It has become inevitable. A day or two after a high-profile gadget hits stores, two stories pop up on the gadget blogs, the tech sites and magazines: A review, and photos of the gadget taken apart, most often courtesy of a website called iFixit. The latest and most evolved actor in the storied history of "teardowns," iFixit is the logical conclusion of the entire idea of stripping a gadget down to its barest components, photographing and disseminating the findings. An iFixit teardown is at once a 21st-century repair manual, a work of art, an exhibition of a curiosity, and an activist gesture.
By Sean CaptainPosted 02.22.2008 at 11:37 am 4 Comments
Ford Sync, an in-car entertainment center running Microsoft software, has won praise as the first system to integrate hands-free calling, music playing from MP3 players and voice control of all functions. (PopSci was among the admirers, awarding Sync a Best of Whats New award.)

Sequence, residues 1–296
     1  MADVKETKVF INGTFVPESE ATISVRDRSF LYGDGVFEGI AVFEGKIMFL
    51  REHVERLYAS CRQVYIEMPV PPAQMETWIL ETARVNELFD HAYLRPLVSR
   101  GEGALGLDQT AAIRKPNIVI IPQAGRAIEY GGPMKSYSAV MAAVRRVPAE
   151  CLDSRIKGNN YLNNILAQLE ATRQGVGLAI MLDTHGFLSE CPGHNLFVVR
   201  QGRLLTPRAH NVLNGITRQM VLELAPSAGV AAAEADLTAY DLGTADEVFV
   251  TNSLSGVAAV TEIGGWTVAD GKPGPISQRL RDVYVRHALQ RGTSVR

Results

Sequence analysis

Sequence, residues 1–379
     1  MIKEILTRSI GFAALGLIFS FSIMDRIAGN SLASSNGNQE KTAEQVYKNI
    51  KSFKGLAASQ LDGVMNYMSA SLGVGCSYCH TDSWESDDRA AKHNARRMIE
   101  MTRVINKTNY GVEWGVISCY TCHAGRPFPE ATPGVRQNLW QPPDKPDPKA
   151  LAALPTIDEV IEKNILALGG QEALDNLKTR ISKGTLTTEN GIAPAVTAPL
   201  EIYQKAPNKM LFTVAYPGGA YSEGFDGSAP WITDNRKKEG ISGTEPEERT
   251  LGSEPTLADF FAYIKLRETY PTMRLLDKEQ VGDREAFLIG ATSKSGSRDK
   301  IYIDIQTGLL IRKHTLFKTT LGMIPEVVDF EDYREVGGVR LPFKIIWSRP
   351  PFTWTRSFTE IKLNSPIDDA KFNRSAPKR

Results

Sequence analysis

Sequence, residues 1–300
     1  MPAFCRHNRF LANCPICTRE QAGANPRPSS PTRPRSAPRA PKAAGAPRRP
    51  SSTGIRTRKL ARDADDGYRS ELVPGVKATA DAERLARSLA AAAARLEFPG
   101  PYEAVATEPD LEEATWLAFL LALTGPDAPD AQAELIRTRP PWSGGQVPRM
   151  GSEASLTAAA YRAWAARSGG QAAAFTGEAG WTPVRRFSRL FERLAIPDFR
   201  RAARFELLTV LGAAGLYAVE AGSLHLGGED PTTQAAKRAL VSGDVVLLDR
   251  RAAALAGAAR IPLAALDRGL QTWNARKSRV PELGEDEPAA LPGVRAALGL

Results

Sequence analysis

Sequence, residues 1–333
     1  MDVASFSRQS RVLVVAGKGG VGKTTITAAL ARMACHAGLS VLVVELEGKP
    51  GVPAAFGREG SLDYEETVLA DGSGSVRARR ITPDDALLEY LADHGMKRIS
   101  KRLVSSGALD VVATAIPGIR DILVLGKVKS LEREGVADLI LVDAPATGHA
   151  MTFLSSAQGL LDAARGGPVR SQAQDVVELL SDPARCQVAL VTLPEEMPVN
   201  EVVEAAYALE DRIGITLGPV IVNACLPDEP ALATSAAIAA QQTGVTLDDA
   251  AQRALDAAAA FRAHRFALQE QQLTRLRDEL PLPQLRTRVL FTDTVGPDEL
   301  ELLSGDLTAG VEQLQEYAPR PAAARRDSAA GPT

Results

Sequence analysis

Despite all its cool functions, Sync doesnt cost much to build, according to a report today from research firm iSuppli.
Once again, our pals in El Segundo, CA ripped apart a perfectly good gadget to see what makes it tick. The answer: not much.
But do you get what you pay for? One of our editors had a hair-pulling-out experience with a Sync-equipped car last week. Ford insists it was an anomaly, and is sending us a new model to test. Stay tuned for our verdict.
Meanwhile, click ahead to see what components make the Sync work (or not work).